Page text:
Read Read Read

It is not possible to be a part of any community and not hear this battle cry: Read to your kids! Every day! Seriously, did you know that they are going to add "Do you like to read?" and "Does anyone read to you?" as part of the well-child exam? It's THAT big. It seems just crazy to me-- another fine example of what for years just seemed to be common sense is now pushed, pushed, and pushed some more. I can only lament about it because...well...I read. I don't remember my parents ever pushing me. My parents were always readers, though. We still have stacks of every Louis L'Amour book ever written. Sadly, I admit to a pile of Sweet Valley High and Danielle Steele paperbacks that used to crowd my room. They did nothing for my ACT scores, but I quickly became the consultant in sorting out love triangles so it wasn't a total loss. I remember always reading yet still getting stuck in the average reading group. Back then, life was color-coded so you knew who the smart people were by how quickly they acended to purple and gray. Slackers like myself hung out in the orange area a bit too long. If there were just a few more passages that read more like Are You There God, It's Me Margaret? or Wifey and less like an encyclopedia, I would have been more motivated. At any rate, my point is that it wasn't pushed so much, but I lived in a house of readers. The statistics about poor readers and the long-term effects are frightening. I have to keep reminding myself that in this lovely little literate cacoon I live in, it's not so lovely for others. My house is full of books and compulsive readers yet clearly we aren't the norm. With the library throwing what really amounts to a pep fest for summer reading and the schools throwing pajama parties to encourage parents and kids to read- well, the problem is bigger in scope than I thought. Which leads me to how much we all take things for granted. I did not grow up in the most sophisticated of families, but who knew Louis and Danielle would be resposible for leading me and my family into the realm of above average--at least as far as reading is concerned? Mom and dad, thanks.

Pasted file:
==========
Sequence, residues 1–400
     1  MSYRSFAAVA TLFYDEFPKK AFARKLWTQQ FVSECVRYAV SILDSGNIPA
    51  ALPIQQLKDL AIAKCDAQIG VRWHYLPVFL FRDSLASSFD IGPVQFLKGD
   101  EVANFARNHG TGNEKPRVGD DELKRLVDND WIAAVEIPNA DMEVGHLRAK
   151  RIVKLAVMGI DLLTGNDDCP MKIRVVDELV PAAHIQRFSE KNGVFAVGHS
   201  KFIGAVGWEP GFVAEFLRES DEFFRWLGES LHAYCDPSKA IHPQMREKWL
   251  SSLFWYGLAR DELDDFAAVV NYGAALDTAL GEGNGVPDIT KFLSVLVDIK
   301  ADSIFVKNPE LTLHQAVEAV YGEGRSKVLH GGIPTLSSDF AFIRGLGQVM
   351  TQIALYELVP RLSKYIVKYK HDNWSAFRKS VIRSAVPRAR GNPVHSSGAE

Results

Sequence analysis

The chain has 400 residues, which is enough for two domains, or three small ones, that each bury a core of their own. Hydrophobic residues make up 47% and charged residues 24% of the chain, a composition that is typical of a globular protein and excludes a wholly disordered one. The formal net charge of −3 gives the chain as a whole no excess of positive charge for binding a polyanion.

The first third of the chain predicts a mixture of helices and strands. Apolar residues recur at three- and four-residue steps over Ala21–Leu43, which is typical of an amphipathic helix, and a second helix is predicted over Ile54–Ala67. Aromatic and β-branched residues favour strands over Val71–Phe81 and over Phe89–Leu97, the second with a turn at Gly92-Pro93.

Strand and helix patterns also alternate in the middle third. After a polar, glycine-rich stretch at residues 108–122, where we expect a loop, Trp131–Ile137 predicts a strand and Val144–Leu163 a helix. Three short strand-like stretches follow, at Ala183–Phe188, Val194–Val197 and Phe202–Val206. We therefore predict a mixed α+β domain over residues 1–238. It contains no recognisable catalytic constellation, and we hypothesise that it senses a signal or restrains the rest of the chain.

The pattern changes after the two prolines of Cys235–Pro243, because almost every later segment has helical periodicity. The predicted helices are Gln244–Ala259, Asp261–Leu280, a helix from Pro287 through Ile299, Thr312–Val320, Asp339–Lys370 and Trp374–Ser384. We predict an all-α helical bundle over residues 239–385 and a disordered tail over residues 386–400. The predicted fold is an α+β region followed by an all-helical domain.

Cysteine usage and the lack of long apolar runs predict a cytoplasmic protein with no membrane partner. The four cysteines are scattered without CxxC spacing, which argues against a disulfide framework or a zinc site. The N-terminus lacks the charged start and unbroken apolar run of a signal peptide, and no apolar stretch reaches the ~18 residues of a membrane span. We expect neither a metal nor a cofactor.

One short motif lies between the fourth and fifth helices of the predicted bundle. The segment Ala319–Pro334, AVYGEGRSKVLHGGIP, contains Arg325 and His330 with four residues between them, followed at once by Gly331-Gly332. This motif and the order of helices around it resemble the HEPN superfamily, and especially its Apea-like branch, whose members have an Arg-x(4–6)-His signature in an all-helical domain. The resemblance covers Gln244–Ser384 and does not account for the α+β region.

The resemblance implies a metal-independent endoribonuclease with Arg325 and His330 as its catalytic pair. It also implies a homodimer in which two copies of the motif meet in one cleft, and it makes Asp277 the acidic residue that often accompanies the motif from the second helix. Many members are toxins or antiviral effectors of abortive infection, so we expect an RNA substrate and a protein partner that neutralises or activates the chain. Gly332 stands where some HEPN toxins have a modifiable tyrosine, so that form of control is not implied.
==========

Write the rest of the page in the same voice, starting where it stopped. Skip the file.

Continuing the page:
1 comment:

  1. A few years ago growing up in a rural back water we had a Bookmobile (for modern/city folks a converted school bus which carried library books) which came every two weeks (as a kid I was only allowed to take out books under The Yellow Line). The effort to get us to read over the summer was called 'Bud the Spud Reading Club'. I don't recall the number of books needed to get in but once the magic number was reached one got ... wait for it... a button and a certificate.



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